To quantify electromyographic and neurographic changes and to correlate them with the clinical data of outpatients with herpes zoster. DESIGN: Prospective case series. SETTING: Outpatient department. PATIENTS: A consecutive, unselected series of 158 outpatient cases (88 women, 70 men; mean age, 64y) of herpes zoster of the head and limbs. INTERVENTIONS: Not applicable. MAIN OUTCOME MEASURES: Blink reflex and electromyography and motor and sensory nerve conduction velocities of nerves and muscles corresponding to affected dermatomes. RESULTS: Postherpetic neuralgia (PHN), segmental zoster paresis, and polyneuropathy were found in 31%, 19%, and 2.5% of cases, respectively. Absence or reduction of sensory action potential amplitudes, blink reflex areas, and compound muscle action potential amplitudes were found in 60%, 31%, and 18% of cases, respectively. Sensory and motor conduction velocities and motor and blink reflex latencies were nearly always normal or only slightly slowed. Electromyographic signs of abnormal spontaneous activity were found in 36% of the cases. Electrophysiologic alterations were correlated among themselves, with age, with presence of segmental zoster paresis, and with absence of antiviral therapy. The extent of the skin rash (number of dermatomes affected by herpes zoster) was the only variable predictive of disappearance or improvement of PHN. CONCLUSIONS: Sensory axonal neuropathy, often associated with similar motor involvement, can be shown by classical electrophysiologic methods in herpes zoster. The severity of damage to motor fibers was related to damage to sensory fibers, but no relation was found between peripheral axon damage and PHN. The site of motor system damage may be the ventral roots, plexus, or peripheral nerve. The probability of complications and the severity of sensory and motor peripheral axonal damage were increased in older patients. Appropriate antiviral therapy seems to reduce the incidence of segmental zoster paresis and the severity of damage to the peripheral fibers. A reduced extent of herpetic rash was the only factor to correlate with a good outcome of PHN.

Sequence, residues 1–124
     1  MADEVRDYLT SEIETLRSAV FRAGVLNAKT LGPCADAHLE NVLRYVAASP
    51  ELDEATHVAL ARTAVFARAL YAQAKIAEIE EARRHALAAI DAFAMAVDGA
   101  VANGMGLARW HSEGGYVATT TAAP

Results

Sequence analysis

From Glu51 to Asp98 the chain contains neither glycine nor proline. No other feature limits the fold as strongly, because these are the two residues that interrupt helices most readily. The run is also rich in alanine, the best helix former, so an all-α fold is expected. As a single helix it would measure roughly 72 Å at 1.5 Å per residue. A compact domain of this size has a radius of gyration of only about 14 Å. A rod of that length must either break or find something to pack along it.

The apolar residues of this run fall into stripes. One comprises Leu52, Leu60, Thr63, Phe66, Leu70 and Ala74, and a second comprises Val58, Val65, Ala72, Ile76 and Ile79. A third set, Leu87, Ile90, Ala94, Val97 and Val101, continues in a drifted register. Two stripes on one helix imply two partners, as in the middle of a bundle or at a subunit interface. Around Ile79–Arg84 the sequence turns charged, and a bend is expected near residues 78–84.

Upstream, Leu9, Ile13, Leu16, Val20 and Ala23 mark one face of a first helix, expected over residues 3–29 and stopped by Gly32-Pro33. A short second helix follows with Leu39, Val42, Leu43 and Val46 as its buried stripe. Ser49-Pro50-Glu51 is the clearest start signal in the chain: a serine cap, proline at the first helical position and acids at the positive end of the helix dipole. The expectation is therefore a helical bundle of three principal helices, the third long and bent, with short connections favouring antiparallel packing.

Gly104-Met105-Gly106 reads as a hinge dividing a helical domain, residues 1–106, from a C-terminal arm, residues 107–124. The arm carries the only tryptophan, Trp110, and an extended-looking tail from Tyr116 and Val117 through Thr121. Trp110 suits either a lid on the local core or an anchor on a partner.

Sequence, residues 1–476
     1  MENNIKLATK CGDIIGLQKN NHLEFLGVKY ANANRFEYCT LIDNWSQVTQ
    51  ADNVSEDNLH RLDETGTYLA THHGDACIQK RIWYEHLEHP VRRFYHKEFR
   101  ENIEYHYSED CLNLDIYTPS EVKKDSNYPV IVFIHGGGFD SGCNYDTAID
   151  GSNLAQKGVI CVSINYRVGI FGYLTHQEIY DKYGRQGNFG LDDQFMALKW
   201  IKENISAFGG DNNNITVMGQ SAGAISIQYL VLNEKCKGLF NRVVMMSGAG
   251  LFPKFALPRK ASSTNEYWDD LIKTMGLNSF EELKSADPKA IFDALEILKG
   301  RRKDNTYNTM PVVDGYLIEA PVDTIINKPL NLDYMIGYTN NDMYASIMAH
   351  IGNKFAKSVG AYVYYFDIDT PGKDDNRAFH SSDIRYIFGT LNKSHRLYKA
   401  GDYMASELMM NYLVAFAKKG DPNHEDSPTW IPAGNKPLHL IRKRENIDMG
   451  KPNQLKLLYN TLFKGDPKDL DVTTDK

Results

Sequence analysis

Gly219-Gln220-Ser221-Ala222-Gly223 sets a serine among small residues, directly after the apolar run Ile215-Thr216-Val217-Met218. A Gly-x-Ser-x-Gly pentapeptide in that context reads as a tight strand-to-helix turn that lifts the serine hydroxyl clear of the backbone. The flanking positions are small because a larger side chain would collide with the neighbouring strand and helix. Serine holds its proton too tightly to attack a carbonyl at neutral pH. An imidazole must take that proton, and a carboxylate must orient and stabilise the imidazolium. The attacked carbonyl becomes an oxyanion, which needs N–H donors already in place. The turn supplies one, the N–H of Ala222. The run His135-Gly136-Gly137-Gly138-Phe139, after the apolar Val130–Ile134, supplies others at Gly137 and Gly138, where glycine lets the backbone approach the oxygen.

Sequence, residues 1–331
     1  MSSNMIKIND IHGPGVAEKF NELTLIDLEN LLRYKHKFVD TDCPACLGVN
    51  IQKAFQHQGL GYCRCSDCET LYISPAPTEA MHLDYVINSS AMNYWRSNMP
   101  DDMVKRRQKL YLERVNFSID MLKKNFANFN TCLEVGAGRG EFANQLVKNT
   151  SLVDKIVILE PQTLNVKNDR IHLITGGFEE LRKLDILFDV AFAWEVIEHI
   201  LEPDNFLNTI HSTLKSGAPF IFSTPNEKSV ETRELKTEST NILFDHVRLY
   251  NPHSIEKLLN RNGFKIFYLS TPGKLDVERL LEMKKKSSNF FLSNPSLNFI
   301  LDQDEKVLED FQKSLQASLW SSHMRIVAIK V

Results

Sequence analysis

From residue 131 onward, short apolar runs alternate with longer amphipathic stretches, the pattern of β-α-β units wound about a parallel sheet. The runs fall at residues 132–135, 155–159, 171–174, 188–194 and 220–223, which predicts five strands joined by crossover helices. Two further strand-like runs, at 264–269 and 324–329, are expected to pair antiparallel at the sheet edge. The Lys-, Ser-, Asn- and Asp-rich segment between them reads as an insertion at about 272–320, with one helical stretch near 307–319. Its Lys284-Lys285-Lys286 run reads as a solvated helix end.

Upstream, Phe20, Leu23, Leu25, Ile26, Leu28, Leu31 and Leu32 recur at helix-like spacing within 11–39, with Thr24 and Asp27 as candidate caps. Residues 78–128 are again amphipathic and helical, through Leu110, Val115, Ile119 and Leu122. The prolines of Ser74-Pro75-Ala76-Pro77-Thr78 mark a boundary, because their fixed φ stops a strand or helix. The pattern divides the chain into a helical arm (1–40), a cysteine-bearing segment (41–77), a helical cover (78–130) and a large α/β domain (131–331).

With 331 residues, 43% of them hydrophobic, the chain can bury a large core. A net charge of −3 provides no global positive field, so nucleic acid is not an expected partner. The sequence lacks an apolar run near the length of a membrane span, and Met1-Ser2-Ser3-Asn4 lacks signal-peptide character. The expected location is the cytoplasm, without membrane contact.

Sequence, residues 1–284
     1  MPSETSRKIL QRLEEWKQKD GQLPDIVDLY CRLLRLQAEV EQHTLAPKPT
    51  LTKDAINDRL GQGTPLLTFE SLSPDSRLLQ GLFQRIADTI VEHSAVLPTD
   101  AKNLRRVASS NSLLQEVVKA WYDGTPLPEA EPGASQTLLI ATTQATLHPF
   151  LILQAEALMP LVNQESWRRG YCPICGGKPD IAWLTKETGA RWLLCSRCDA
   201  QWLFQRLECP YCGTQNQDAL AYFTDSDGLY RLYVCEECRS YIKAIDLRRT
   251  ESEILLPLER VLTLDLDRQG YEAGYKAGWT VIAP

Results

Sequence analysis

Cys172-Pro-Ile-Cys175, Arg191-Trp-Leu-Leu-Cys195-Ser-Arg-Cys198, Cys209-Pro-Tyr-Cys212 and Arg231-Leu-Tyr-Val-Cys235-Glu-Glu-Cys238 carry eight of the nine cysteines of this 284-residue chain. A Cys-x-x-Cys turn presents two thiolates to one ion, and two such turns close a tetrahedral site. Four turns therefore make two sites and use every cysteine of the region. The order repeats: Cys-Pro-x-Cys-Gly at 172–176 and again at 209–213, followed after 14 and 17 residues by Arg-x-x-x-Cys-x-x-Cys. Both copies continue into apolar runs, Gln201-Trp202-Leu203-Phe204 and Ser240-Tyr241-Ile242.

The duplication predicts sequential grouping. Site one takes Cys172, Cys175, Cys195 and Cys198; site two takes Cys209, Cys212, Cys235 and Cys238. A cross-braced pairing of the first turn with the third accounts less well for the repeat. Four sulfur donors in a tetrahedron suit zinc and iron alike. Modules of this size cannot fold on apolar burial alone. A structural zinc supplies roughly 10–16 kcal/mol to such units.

Mondelli, M., Romano, C., Rossi, S., & Cioni, R. (2002). Herpes Zoster of a head and limbs: electroneuromyographic and clinical findings in 158 consecutive cases. ARCHIVES OF PHYSICAL MEDICINE AND REHABILITATION, 83(9), 1215-1221 [10.1053/apmr.2002.33989].

Herpes Zoster of a head and limbs: electroneuromyographic and clinical findings in 158 consecutive cases

ROMANO, CLARA;ROSSI, STEFANIA;
2002

Abstract

To quantify electromyographic and neurographic changes and to correlate them with the clinical data of outpatients with herpes zoster. DESIGN: Prospective case series. SETTING: Outpatient department. PATIENTS: A consecutive, unselected series of 158 outpatient cases (88 women, 70 men; mean age, 64y) of herpes zoster of the head and limbs. INTERVENTIONS: Not applicable. MAIN OUTCOME MEASURES: Blink reflex and electromyography and motor and sensory nerve conduction velocities of nerves and muscles corresponding to affected dermatomes. RESULTS: Postherpetic neuralgia (PHN), segmental zoster paresis, and polyneuropathy were found in 31%, 19%, and 2.5% of cases, respectively. Absence or reduction of sensory action potential amplitudes, blink reflex areas, and compound muscle action potential amplitudes were found in 60%, 31%, and 18% of cases, respectively. Sensory and motor conduction velocities and motor and blink reflex latencies were nearly always normal or only slightly slowed. Electromyographic signs of abnormal spontaneous activity were found in 36% of the cases. Electrophysiologic alterations were correlated among themselves, with age, with presence of segmental zoster paresis, and with absence of antiviral therapy. The extent of the skin rash (number of dermatomes affected by herpes zoster) was the only variable predictive of disappearance or improvement of PHN. CONCLUSIONS: Sensory axonal neuropathy, often associated with similar motor involvement, can be shown by classical electrophysiologic methods in herpes zoster. The severity of damage to motor fibers was related to damage to sensory fibers, but no relation was found between peripheral axon damage and PHN. The site of motor system damage may be the ventral roots, plexus, or peripheral nerve. The probability of complications and the severity of sensory and motor peripheral axonal damage were increased in older patients. Appropriate antiviral therapy seems to reduce the incidence of segmental zoster paresis and the severity of damage to the peripheral fibers. A reduced extent of herpetic rash was the only factor to correlate with a good outcome of PHN.
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Utilizza questo identificativo per citare o creare un link a questo documento: http://hdl.handle.net/11365/11556
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